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17 Oct 2008

Research Looks at Retirement Plan Risk Management

The Society of Actuaries and Pension Governance, LLC has released a new research report that explores current pension risk management practices.

The 69-page study by Susan Mangiero looks at the responses of 162 retirement plan decision-makers in the United States and Canada.

In answering broad questions, a majority of surveyed plan sponsors describe themselves as doing all the right things to manage investment, fiduciary and liability risks. However, answers to subsequent questions – those that query further about risk procedures and policies at a detailed level - do not support the notion that pension risk management is being addressed on a comprehensive basis by all plans represented in the survey sample.

Respondents cite numerous reasons for not using derivatives directly, including, but not limited to, "Lack of Fiduciary Understanding", "Perception of Excess Risk", "Considered Too Complex", "Prohibition Against Possible Leverage" and/or "Defined Benefit Plan Risk Not Considered Significant".

Survey respondents seem to rely mainly on elementary tools to measure risk, also worrying about the future, ranking "Accounting Impact" as a concern. Other concerns were also noted to include "Regulation," "Longevity of Plan Participants" and "Fiduciary Pressure."

“A global derivatives market in excess of $600 trillion is hard to ignore,” says Mangiero, “yet most are unaware of how plan sponsors employ futures, options and swaps, if at all. Statutory reports about pension economics are often no longer relevant by the time they are released to the general public. Allowing that derivative instruments can help or hinder, the impact of a poor pension risk management strategy is potentially devastating and might lead to financial ruin for employees who assume that financial managers make sound decisions on their behalf.”

ICI Offers Alternative to Pickens Plan

A national program known as the Intelligent Community Initiative (ICI) is offering an alternative restructuring operation using interconnected client-server databases and online training, resulting, the company says, in self-sustaining financial communities which are not as vulnerable to global financial collapse.

Through its Business Incubation and Facilitation Division, the ICI provides a network for businesses that are integral to (and support) the community. A not insignificant benefit to this approach, ICI says, is that more tightly linked businesses and individuals beholden to their bonds in the community require much less governmental intervention. The ICI plan radically reduces the need for government regulations that limit efficiency.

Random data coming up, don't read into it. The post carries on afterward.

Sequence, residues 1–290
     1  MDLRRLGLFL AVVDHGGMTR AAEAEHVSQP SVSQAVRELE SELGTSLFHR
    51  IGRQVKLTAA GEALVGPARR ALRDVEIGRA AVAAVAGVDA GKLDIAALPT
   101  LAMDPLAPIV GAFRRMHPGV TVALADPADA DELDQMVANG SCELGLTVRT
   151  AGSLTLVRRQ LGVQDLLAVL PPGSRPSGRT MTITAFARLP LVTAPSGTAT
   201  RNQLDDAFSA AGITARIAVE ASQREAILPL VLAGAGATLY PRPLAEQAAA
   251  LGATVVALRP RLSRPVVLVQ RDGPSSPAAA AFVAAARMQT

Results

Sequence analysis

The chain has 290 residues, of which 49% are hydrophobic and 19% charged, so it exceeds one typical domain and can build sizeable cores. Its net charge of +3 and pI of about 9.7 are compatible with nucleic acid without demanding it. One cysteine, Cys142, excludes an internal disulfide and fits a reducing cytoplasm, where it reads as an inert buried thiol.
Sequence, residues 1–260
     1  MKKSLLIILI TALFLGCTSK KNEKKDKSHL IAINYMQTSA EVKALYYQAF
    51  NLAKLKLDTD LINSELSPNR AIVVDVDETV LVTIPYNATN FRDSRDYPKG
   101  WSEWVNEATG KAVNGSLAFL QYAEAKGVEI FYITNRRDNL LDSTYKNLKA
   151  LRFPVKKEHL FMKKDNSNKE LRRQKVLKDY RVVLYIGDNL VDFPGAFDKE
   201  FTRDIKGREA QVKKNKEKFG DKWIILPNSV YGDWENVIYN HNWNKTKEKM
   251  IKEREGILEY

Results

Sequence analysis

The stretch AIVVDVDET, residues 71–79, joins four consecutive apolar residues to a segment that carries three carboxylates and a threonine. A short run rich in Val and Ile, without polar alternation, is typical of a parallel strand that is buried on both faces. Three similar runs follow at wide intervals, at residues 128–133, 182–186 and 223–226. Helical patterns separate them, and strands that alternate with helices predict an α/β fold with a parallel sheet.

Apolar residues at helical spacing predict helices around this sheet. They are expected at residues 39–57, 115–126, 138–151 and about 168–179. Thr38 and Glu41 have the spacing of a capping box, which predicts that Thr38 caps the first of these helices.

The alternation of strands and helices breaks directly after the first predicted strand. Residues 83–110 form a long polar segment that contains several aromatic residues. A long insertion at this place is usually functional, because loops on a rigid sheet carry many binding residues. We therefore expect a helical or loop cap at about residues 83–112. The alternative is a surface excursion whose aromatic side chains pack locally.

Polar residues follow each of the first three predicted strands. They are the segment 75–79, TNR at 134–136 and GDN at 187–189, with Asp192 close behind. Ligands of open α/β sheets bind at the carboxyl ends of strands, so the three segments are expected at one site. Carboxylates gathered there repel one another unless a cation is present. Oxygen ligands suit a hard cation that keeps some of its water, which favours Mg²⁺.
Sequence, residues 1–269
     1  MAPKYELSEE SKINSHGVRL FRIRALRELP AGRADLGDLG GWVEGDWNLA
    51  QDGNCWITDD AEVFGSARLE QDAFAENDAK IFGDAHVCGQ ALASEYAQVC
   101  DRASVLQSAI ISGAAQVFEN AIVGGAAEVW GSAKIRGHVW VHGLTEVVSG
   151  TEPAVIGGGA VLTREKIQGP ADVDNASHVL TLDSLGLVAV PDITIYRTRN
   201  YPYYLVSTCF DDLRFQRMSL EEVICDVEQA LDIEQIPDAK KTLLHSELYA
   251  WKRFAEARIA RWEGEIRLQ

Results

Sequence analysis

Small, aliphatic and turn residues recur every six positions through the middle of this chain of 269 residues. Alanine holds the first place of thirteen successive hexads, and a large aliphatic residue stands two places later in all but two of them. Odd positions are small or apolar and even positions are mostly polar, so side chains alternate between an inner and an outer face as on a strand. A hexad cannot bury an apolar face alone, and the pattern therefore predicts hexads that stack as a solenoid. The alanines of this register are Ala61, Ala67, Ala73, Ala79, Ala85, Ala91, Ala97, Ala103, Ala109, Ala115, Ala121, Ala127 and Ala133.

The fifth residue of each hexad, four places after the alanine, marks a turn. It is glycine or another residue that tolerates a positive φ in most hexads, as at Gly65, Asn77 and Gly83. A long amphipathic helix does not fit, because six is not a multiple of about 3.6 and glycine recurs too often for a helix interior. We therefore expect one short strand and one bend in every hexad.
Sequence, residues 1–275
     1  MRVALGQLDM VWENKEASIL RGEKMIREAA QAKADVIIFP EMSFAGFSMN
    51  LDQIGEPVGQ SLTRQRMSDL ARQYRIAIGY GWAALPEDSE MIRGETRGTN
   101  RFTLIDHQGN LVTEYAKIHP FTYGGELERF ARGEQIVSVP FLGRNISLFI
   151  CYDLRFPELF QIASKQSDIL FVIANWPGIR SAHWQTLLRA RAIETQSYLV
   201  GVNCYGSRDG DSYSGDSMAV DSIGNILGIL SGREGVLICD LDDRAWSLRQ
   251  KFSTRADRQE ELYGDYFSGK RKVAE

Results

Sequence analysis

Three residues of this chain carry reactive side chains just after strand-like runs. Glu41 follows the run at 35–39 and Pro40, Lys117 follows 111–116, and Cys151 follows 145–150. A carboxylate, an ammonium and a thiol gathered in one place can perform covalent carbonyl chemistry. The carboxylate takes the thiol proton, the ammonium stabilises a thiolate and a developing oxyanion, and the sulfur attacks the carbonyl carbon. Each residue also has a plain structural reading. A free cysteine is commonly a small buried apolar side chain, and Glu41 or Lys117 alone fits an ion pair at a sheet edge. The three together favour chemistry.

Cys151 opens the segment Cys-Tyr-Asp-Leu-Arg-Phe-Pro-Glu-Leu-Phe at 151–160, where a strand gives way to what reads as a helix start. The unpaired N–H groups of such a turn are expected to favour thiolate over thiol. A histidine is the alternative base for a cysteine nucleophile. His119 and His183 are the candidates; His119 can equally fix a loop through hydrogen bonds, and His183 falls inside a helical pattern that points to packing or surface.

In September ICI announced an alternative to the Pickens Plan called Operation Energy Transition (OET). According to ICI analysis, the plan that oil billionaire T. Boone Pickens released in July 2008 intensifies the problems of the Peak Oil crisis by transferring dependence on oil to operate automobiles to dependence on natural gas to do the same.

Intelligent Communities President Barry Krusch says, “Not only does the Pickens Plan fail to provide a solid solution to curtail greenhouse gas emissions, but it also lacks the detailed analysis that any comprehensive plan should include. Briefly put, it is too much Pickens, and not enough Plan”.

While the Pickens Plan recommends ramping up wind energy to feed electric grids for powering urban centers, a strategy also to be deployed by OET, the secondary goal of the Pickens Plan to use natural gas to power automobiles requires not only a significant (and expensive) change to the national transportation infrastructure, it also unfortunately shifts reliance on one fossil fuel to another. Natural gas is nonrenewable, which means that when supplies decrease, prices jump and everyone scrambles to search for the next fuel source. And when other countries join the natural gas craze, the supply further diminishes and prices soar.

The alternative answer proposed by Intelligent Communities, Operation Energy Transition, calls for a ramped-up increase in telecommuting, innovations such as carpooling software and a new mode of transport it refers to as intellitaxis, and an enhanced focus on more commonly known ideas such as alternative vehicles and increasing solar and wind technology and availability. While the Pickens Plan can be described in just 2 or 3 sentences, adequately describing OET takes a wall map, which is conveniently located on the OET site.

“If we’re going to solve the problem, let’s solve it”, Krusch said. “Rolling out a plan which is destined to put America yet again behind the eight ball is not the plan we need: Operation Energy Transition is.”